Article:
Clinton closes Pennsylvania campaign with negative spot

In the closing days of the Ohio and Texas primaries, the Clinton campaign had come out with the first version of the 3am phone call ad -- as direct an attack on Obama's national security readiness as any Hillary had attempted.

Seven weeks later, the Clinton campaign once again introduced an attack ad questioning Obama's experience, one that is arguably even more controversial than the previous one (You can watch it here). "It's the toughest job in the world," says a voice as the clip goes through a series of images, evoking the stock market crash, Pearl Harbor, the Cuban missile crisis, Bin Laden, and Hurricane Katrina. The ad concludes: "You need to be ready for anything -- especially now, with two wars, oil prices skyrocketing and an economy in crisis. Harry Truman said it best -- if you can't stand the heat, get out of the kitchen. Who do you think has what it takes?"

The ad is bound to be controversial in Democratic circles because it uses a shot of Bin Laden, perhaps the tactic that is the most characteristic of the "politics of fear." It furthers the argument made in the 3am and it extends it from a national security worry to a more general attack on Obama's inexperience, as many of the issues this ad touches are economical.

Many Democrats will legitimately worry that this is a theme McCain will eagerly seize upon and drive much further in the general election if he faces Obama. In fact, the series of catastrophes the ad races through are reminiscent of some of the ads Rudy Giuliani ran last fall; Giuliani was fond of paranoid ads listing all the threats and enemies facing America. This points to a fundamental weakness in Clinton's ad: this ad only does a tenth of what Giuliani's ad dared do (and probably what McCain's will do) -- and, naturally, Clinton cannot strengthen it any further without really attracting the ire of her fellow Democrats.

Can this kind of attack ad be truly effective if the script cannot be as strongly worded as it would need to be to have an impact? The same question applied to the 3am ad, despite its being credited with moving numbers on March 4th. I think the controversy over Obama's position on NAFTA was much more damaging to his candidacy than the 3am ad, but if the 3am did have an impact, this latest ad is weaker than its predecessor in that it makes its national security point much more indirectly.

Yet, this latest ad is stronger than the 3am ad in a decisive respect: It is centered on domestic issues. This is Clinton's strong suit -- not foreign affairs. Obama has had a ready response to Clinton's claims that she is more experienced when it comes to national security (the Iraq vote) and the recent controversy over Bosnia undermined Clinton's reputation on foreign affairs even further. But voters still relate to Hillary on the economy and she is widely credited for her mastery of policy. Another reason why negative ads on domestic issues are stronger than those on national security: Clinton cannot be accused of hurting Obama's cause in the general election, for McCain would have much more difficulty using a readiness argument centered on the economy than one centered on national security given McCain's own economic inexperience.

With that in mind, it is puzzling that Clinton has not more forcefully insisted on the argument that she is more ready to address these kinds of economic emergencies (foreclosures, health care, oil prices) -- rather than go back to 3am national security phone calls and spots about Al Qaeda.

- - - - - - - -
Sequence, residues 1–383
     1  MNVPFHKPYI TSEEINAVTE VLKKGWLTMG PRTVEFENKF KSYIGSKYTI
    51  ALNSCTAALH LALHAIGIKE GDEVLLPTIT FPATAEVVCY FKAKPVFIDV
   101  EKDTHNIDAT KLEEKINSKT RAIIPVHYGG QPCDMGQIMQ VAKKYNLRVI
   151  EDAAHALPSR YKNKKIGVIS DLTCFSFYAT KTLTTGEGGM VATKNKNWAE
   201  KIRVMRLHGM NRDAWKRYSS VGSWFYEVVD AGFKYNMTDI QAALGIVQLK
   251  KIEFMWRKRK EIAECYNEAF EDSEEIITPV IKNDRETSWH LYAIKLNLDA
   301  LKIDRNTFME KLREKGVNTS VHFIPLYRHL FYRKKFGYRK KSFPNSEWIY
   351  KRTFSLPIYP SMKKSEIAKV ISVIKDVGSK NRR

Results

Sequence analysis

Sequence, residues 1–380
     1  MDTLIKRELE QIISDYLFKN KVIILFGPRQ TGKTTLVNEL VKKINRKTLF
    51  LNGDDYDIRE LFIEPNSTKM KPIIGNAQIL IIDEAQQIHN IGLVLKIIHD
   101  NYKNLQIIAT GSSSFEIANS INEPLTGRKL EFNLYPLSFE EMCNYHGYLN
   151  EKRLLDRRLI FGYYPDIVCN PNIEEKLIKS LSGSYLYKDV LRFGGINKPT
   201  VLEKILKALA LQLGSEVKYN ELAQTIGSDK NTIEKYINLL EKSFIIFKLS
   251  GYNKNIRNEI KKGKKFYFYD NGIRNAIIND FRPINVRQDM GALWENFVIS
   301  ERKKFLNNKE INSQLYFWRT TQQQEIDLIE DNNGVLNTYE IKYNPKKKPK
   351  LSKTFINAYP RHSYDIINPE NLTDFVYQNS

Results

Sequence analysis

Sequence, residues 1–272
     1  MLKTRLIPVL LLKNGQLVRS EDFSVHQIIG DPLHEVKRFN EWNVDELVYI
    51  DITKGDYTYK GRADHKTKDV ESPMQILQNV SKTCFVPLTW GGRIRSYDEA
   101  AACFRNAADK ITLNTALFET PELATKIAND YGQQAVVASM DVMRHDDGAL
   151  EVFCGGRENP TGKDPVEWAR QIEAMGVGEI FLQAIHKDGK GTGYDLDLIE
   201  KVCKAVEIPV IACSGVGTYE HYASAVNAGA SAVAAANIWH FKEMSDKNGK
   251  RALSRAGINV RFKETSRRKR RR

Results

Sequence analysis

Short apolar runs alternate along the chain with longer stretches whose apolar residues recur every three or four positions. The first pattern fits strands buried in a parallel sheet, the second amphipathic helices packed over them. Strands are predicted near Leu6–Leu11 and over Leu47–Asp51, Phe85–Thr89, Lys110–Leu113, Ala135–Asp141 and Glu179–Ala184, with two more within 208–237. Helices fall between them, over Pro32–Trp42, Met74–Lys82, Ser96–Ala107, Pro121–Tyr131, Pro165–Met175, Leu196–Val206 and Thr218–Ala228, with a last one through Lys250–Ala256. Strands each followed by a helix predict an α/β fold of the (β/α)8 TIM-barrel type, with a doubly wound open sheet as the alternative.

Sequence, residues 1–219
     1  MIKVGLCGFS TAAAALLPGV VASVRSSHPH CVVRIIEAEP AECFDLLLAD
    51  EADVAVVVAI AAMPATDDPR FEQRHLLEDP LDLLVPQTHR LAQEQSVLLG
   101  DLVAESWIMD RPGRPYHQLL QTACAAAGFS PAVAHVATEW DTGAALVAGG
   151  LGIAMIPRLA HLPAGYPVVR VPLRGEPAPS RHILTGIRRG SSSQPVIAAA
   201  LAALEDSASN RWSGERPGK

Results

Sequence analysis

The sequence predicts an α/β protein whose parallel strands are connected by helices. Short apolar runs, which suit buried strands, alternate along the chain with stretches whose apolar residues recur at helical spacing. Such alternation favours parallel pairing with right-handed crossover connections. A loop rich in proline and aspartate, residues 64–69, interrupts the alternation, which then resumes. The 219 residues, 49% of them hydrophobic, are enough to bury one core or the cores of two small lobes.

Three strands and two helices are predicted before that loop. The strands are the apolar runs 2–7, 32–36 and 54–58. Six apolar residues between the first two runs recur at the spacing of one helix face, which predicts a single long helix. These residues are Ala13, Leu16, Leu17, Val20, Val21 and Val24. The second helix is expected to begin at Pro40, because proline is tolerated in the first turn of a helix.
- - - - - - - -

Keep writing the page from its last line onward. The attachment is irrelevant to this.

The shot of Bin Laden makes the ad more controversial while, in my opinion, diluting its impact, so why include it? Clinton's bet is probably that it will help her earn free media coverage. The ad was launched today, in the final hours of the campaign, and unless the ad gets picked up in evening news and in cable shows it is unlikely that a sufficient number of voters would see it enough to think about it before voting.



  • No surprise Hillary is the most divisive and controversial politician this whole election cycle. Her candidacy is mostly linked to her success in brainwashing voters who unwittingly swallow falseholds, such as this ad.
    One must realize that a careful look at her and Obama's records shows she has accomplished nothing that warrant even airing this absurd ad. For one, Obama has more political experience than her when you combine his senate years with that of his Ill. legislative career (see www.votesmart.org). I fail to support the overwhelming majority of Hillary's experience and national security credentials claims with available facts, and while Obama has been found to be misleading voters with some ads , Hillary's ads most often contain outrageously false claims (check www.factcheck.org).
    I won't e be surprised if Hillary wins in PA by more than a double digit, because PA contains a significant number of uneducated, conservative voters who will fall victims to Clinton's political deceit.

    By Anonymous Anonymous, At 21 April, 2008 22:42  

  • Every time I hear one of this Obamabots complaing about how the Clinton's hard charging style, I have to wonder where all this nambpmabyness comes from. Dear Obamabots, politics is a blood sport, has aways been, and always will be. So....grow up and live wit it. Such delicate constitutions, you poor things!!

    By Anonymous Anonymous, At 22 April, 2008 06:34  

  • Obamabots can never take any criticism about their candidate. They love to throw out the race card. Barack has the liberals and the blacks of the party. Besides that, no one else.

    By Anonymous Anonymous, At 22 April, 2008 06:51  

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